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Why are lawyers so depressed? | Warren Urquhart

Thursday, September 10, 2020 @ 11:30 AM | By Warren Urquhart

Warren Urquhart %>
Warren Urquhart
Why do you want to be a lawyer? For those aspiring to join the legal profession, this question is omnipresent. It’s asked by friends, family members, law schools, possible employers and hopefully, by yourself to yourself.

Admittedly, I get a bit sick of this question, but one day a friend asked a follow-up question that stuck with me: “Why do you want to join a profession where everyone’s depressed?”

Not all lawyers are depressed, but far too many are. Our conversations on mental health still need to progress, but at least we are more aware of how pervasive our mental health crisis is.

The Canadian Bar Association has acknowledged that up to “40% of law students may have significant levels of depressive symptoms” and that once out of law school, “lawyers deal with depression at a rate four times higher than that of the general population.” A 2018 study of the legal profession found that “higher-status lawyers in large firms report more depression than their lower status colleagues”, which is the exact opposite of what happens in other careers.

The problems don’t stop at depression: about one-fifth of lawyers suffer from anxiety or screen positive for hazardous/dependent alcohol consumption, as found through a study of 13,000 American lawyers.

What is it about the legal profession that makes it a breeding ground for mental illness? There are numerous factors, but evidence points to two significant elements: the personality traits that the law profession filters for and the structure of the law profession itself.

A study done by Australian National University, which was described in a research paper titled “No time to lose: Negative impact on law student wellbeing may begin in year one,” gives results that suggests teaching students to “think like a lawyer” primes one for depressive states. “In business and property subjects, law students learn to put hope, optimism and trust aside. The lawyer’s task is to anticipate all of the things that might go wrong. …This brand of thinking like a lawyer requires not only dispassionate analysis, but also pessimism and risk aversion.”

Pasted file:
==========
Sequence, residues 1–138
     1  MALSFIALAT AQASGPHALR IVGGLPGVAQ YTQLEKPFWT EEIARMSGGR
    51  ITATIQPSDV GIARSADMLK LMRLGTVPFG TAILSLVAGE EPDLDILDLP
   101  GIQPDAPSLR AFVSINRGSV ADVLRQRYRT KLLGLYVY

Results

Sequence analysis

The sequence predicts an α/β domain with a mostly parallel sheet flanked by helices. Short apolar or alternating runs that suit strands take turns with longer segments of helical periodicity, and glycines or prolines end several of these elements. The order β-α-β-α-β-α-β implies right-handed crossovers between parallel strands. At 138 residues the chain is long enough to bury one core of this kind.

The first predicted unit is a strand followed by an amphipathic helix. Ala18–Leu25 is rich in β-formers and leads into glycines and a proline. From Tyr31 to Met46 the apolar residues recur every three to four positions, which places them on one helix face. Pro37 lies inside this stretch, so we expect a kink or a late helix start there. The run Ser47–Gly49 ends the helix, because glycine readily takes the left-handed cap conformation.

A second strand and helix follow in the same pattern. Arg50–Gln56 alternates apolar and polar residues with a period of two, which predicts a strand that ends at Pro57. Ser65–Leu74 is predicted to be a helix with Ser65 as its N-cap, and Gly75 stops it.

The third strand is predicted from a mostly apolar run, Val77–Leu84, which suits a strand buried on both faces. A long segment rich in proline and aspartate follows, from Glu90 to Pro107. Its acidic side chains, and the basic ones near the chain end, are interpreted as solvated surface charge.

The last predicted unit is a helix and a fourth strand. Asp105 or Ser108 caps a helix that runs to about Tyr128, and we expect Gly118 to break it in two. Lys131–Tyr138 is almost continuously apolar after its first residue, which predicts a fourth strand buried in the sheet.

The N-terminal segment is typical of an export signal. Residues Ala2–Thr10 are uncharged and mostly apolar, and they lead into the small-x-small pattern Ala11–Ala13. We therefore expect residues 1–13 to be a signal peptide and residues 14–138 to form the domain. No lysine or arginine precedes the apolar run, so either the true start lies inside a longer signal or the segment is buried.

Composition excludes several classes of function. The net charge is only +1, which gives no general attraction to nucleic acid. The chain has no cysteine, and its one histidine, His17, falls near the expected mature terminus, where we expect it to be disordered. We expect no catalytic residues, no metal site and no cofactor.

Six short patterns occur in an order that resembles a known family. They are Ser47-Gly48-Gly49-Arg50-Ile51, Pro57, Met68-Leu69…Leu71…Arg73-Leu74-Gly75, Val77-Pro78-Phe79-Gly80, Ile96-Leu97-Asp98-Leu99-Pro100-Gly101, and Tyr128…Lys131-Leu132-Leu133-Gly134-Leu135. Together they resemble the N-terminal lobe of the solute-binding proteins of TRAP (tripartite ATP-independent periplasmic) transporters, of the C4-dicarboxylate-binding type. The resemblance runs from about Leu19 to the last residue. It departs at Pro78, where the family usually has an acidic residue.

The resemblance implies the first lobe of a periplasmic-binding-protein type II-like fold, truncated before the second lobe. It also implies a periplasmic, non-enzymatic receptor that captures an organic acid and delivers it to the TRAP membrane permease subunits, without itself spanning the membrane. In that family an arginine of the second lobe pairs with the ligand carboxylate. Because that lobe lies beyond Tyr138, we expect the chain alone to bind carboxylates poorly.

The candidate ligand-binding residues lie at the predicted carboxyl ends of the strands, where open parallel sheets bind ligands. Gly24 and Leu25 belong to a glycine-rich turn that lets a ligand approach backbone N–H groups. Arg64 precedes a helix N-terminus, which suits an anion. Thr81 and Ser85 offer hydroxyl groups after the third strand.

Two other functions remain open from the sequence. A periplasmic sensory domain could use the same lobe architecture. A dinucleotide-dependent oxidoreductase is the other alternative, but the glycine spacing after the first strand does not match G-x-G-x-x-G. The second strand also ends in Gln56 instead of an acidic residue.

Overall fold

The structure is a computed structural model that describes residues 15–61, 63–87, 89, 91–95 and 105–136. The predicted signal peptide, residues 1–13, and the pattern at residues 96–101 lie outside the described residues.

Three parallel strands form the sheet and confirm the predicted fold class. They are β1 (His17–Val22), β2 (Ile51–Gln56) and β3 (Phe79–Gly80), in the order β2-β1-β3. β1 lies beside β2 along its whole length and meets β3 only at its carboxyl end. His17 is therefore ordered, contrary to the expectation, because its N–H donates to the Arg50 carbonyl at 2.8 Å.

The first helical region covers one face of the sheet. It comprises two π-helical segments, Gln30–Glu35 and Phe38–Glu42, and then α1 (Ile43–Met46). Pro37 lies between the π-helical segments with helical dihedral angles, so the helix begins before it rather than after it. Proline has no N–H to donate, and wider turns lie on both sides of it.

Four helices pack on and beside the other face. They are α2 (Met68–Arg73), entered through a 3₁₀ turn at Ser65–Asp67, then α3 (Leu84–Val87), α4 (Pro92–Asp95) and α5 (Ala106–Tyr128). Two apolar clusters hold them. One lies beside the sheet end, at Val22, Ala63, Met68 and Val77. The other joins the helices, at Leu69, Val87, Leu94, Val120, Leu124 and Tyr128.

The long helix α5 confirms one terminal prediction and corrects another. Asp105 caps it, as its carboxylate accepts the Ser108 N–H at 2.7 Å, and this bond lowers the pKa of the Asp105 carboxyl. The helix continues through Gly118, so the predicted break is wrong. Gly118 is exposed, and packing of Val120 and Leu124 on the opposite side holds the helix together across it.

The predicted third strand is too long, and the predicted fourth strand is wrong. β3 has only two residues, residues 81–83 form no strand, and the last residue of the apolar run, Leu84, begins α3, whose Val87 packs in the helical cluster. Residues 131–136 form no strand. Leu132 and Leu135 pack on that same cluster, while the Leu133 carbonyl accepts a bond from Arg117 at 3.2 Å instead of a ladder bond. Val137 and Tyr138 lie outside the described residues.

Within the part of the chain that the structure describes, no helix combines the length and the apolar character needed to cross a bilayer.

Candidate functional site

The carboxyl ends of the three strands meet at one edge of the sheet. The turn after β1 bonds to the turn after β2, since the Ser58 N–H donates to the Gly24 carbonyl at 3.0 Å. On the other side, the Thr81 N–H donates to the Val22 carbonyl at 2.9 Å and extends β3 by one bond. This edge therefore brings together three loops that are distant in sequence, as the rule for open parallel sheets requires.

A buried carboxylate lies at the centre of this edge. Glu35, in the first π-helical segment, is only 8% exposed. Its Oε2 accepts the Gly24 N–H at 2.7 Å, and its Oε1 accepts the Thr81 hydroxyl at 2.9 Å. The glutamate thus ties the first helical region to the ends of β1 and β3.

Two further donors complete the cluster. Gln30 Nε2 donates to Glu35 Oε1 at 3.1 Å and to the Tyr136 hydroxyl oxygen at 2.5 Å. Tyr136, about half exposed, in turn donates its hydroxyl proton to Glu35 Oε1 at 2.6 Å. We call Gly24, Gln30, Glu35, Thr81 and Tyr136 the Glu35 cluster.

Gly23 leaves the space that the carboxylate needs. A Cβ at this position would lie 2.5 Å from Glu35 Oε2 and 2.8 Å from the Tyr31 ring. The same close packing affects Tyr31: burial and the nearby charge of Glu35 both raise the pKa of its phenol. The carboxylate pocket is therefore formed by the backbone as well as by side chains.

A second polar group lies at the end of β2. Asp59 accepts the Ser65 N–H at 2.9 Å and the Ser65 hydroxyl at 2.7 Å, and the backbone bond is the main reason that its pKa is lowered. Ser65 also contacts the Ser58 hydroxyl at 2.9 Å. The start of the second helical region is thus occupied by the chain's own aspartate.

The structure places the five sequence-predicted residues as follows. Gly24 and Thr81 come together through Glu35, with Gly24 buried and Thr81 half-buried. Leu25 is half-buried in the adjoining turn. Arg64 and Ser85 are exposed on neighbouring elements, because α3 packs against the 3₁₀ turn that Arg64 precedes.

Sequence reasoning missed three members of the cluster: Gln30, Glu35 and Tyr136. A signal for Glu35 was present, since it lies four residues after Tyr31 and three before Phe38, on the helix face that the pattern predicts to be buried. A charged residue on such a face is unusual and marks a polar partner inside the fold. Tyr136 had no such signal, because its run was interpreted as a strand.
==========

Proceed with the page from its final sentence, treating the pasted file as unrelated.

A 2005 Deakin Law Review article dives further into pessimism and the legal world. “Why Lawyers are Unhappy” suggests that one of the main factors causing unhappiness in lawyers is that the profession selects for “pessimism (or ‘prudence’) and this generalizes to the rest of their lives.” As “No time to lose” describes, our law schools encourage the pessimistic “thinking like a lawyer” mindset, which continues into the professional world.

The unfortunate truth is that our current legal system may require, or at the very least, heavily incentivize, that pessimistic mindset as a necessity to break into the upper echelons of the profession. Citing a survey of law students at the University of Virginia, a Wall Street Journal article notes that pessimistic law students were found to get “better grades, were more likely to make law review and, upon graduation, received better job offers.”

“Why Lawyers are Unhappy” notes that this pessimism is hard to contain just to your office and states that the challenge is to “remain prudent professionally and yet contain pessimistic tendencies in domains of life outside the office.” As a remedy, the article discusses psychological, individual-centred solutions such as “flexible optimism,” “learned optimism” and “disputing techniques” to control negative emotions, channelling the field of positive psychology.

These are good solutions — ones that empower the individual, but don’t do much to remedy the structural issues that cause the issues in the first place. If we take the necessity for pessimism as a necessity for being a lawyer — and I’m not convinced that it is — there are numerous structural issues that no doubt play a role in the mental health issues that lawyers suffer through.

You know what’s better than free counselling (counselling that I am proud to say has helped me) from the Law Society of Ontario’s Member Assistance Program? Eliminating the issues that drive people to those services in the first place.

Yes — the issue of changing how legal work responds to pessimism or optimism is a daunting task. But there are plenty of other structural issues that, if tackled, would help remedy our mental health crisis. The McGill Journal of Law and Health noted that in a CBA survey, “58% of lawyers, judges, and law students … had experienced significant stress/burnout.” The journal partially linked this to excessive working hours, which also leads to work-life conflict.

A simple solution? Hire more people so employees can work less hours. COVID-19 has shown that some firms can move the budget around to minimize layoffs. We need to realize that similar measures with firm balance sheets must be done for the mental health of our colleagues. A small cut from the top of the firms can help heal the health of an entire profession.

Warren Urquhart is in his second year at Osgoode Hall Law School. He’s a freelance writer and ex-cloud consultant. You can reach him via LinkedIn and Medium.

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